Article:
While that's doing get the rest of the dish ready. Start with the diced chicken - get that browning thoroughly and while that's happening, get your onion chopped, your garlic crushed, your pepper and courgette diced and your beans cut up. When the chicken's browned add the onions and garlic, get them softened and caramelised a bit, and then add the other vegetables and the jollof seasoning. Give it a few minutes with the lid on for everything to soften, then add the tomato puree, the chicken stock and the canned tomatoes (and your squash if it's ready out of the oven).

When everything is looking like it's starting to come down, add the rice and water, stir well, cover it, turn it right down and go and have a sit down for ten minutes. After that it's just a case of regularly checking and stirring to make sure it's not all sticking and you're away really.

Serve it with a big side salad and I defy you to be hungry for another three days afterwards.

Lebanese 7-Spice Chicken with Fattoush

Serves 2 at approximately 7 Points per person but this will vary according to your quantities of chicken and what pitta bread you use. The Points value for this particular recipe is accurate as everything was weighed and calculated.

This recipe is a 'Nigella Special', which means we were watching La Lawson on the telly and grabbed notebooks to scribble down what she was doing!


400g chicken breast (we had two large ones)
3 Sainsbury's Organic Wholemeal Pittas at 2 Points each
1 cucumber
1 pack of good cherry tomatoes, we used pomodoro, either halved or quartered
1 sweet onion - a red onion or spring onions would also be fine but it's going to be raw
1 fat clove of garlic, grated
Bunch of fresh mint
1 lemon
BIG bunch of fresh parsley (we used flat leaf)
Spray or two of olive oil
Powdered sumac
Lebanese 7-Spice powder

Pop your chicken into a small ovenproof dish and coat well with the Lebanese -Spice powder. That goes into the oven at 200 degrees for about 40 minutes.

While that's doing, peel and chop your cucumber, you're aiming for bite sized chunks. Combine the cucumber, tomatoes, finely sliced onions, grated garlic, lemon juice, salt, and olive oil spray in a big bowl.

Split your three pitta breads open (so they're in thin halves) and lay them on a baking tray in the bottom of the oven with the chicken til they're good and crunchy. Remove them and allow to cool slightly while you finely chop/rip the herbs and stir them through the salad. Tear up the pitta bread and add it to the salad, cover and leave to soak up the juices while you wait for the chicken.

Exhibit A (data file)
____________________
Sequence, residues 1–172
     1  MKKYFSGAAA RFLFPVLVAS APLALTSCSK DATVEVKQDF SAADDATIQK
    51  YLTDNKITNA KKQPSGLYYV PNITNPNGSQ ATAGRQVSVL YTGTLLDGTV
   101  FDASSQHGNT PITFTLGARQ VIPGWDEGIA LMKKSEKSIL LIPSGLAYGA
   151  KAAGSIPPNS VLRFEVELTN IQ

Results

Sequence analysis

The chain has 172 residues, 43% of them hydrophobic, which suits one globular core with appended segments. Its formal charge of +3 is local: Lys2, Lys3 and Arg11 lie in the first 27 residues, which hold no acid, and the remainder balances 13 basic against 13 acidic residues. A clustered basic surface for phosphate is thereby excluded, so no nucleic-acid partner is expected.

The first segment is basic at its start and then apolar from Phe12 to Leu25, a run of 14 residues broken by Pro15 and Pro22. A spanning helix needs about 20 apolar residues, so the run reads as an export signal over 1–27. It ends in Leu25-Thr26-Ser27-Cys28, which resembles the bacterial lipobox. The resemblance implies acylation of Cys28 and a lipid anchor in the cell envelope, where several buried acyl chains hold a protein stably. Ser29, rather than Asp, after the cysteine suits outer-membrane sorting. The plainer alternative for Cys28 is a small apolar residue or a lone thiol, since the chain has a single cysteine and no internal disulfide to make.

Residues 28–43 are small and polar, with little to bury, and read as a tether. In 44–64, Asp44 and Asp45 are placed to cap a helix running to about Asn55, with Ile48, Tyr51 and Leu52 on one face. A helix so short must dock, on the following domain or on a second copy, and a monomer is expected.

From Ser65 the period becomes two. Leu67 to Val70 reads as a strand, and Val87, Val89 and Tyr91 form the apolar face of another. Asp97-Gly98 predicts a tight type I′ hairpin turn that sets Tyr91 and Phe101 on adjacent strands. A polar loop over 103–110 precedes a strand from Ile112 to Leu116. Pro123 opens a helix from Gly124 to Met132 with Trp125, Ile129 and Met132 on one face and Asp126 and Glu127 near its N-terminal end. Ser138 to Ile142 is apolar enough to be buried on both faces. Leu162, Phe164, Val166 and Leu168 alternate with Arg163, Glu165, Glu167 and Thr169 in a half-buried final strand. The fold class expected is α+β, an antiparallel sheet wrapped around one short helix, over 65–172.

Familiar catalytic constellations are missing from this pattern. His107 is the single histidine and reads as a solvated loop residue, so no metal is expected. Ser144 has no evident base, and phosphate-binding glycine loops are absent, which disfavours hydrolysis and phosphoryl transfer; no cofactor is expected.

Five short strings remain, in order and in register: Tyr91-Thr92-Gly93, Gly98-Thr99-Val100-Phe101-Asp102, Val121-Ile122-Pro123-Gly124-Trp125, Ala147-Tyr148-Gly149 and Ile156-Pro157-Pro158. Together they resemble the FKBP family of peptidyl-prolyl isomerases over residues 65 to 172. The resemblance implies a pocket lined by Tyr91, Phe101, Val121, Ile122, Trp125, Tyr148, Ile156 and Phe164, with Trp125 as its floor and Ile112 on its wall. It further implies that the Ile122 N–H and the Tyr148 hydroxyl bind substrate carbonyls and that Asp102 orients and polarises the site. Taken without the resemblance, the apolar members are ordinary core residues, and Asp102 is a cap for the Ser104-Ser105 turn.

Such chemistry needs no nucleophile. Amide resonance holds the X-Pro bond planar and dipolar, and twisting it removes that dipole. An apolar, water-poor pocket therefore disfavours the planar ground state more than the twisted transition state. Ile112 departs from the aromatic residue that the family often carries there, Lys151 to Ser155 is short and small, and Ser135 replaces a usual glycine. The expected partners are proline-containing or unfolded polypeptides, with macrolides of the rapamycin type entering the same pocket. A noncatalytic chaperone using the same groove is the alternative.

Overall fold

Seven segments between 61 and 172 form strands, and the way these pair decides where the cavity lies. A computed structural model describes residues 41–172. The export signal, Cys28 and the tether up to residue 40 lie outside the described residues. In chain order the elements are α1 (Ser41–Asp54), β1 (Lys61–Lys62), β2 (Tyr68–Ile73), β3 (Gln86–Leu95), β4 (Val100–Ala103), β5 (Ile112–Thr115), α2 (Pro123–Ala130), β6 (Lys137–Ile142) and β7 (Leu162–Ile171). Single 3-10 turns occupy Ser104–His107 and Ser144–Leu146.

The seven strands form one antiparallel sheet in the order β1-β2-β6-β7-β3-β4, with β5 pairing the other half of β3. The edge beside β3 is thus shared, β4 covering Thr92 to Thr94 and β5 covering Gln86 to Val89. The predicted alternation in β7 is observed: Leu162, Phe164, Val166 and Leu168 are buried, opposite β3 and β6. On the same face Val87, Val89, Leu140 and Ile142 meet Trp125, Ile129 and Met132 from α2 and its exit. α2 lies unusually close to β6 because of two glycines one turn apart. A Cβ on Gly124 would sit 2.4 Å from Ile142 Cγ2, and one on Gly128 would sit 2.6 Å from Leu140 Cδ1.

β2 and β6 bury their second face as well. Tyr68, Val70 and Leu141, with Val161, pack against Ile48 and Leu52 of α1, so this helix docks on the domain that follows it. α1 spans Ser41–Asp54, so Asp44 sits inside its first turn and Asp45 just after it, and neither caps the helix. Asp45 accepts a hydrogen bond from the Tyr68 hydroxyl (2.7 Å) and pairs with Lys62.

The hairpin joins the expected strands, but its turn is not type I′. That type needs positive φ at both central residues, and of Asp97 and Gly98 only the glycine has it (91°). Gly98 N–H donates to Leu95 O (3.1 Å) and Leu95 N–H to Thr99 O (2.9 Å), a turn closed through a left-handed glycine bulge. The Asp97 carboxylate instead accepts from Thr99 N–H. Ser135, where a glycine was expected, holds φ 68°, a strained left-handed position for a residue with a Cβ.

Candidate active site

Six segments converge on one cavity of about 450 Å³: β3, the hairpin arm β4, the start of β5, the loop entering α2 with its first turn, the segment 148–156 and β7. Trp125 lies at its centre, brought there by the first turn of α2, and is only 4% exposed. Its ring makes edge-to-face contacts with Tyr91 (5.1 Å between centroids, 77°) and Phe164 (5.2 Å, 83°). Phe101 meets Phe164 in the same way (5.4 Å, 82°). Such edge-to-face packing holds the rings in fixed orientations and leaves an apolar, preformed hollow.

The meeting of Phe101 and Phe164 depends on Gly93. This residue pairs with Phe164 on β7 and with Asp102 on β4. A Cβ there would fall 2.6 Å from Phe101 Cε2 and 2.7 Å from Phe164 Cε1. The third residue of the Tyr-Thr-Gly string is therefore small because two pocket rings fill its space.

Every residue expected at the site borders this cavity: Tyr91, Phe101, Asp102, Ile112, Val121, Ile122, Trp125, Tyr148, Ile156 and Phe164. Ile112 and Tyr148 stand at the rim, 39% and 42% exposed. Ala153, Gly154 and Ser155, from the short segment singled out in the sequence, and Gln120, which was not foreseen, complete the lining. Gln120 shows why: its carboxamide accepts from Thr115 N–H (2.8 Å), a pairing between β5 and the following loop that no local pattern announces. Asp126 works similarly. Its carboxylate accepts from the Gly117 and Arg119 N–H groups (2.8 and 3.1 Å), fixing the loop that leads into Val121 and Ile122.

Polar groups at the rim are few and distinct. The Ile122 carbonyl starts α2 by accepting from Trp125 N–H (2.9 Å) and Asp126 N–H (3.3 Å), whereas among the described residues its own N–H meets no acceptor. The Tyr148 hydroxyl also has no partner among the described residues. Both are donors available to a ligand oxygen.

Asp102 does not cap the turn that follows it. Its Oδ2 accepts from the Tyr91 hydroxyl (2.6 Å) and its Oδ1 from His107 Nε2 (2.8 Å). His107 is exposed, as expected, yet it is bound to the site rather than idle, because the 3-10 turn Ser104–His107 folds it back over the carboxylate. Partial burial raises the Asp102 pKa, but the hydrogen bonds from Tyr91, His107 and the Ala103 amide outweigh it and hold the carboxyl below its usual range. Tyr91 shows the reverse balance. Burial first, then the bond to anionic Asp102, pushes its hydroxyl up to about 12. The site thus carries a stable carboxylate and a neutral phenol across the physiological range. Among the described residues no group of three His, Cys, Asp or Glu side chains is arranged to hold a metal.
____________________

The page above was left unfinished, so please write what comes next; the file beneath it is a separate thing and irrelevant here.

When the chicken's done serve it on top of the fattoush with a sprinkle of sumac and perhaps an extra touch of salt, and enjoy.

I get my Lebanese 7-Spice powder and powdered sumac from Greenwood's, which is available in big ASDA stores in the UK.

A short break followed by a different approach

Well. I've been rather quiet. It's not because I haven't been cooking - far from it, in fact - but thanks to a rather unexpected diagnosis of diabetes in May, I've been seriously changing how I eat and think about food, which has of course had quite a big effect on how I cook it.

Anyway, I'm back in the saddle now and will be posting some of the newer recipes we've been enjoying. We - my fiance and I - are both following the Weight Watchers plan initially while I try and get the blood sugar and weight issues under control and read more about how I can reduce the insulin resistance issues. Since our main priority after we get married next year is to a: stay married for a Long Time and b: make babies, it's all rather important and such.

For the forseeable future then, all recipes will have Weight Watchers points assigned to them, but hopefully they by no means prohibit anyone else enjoying them :)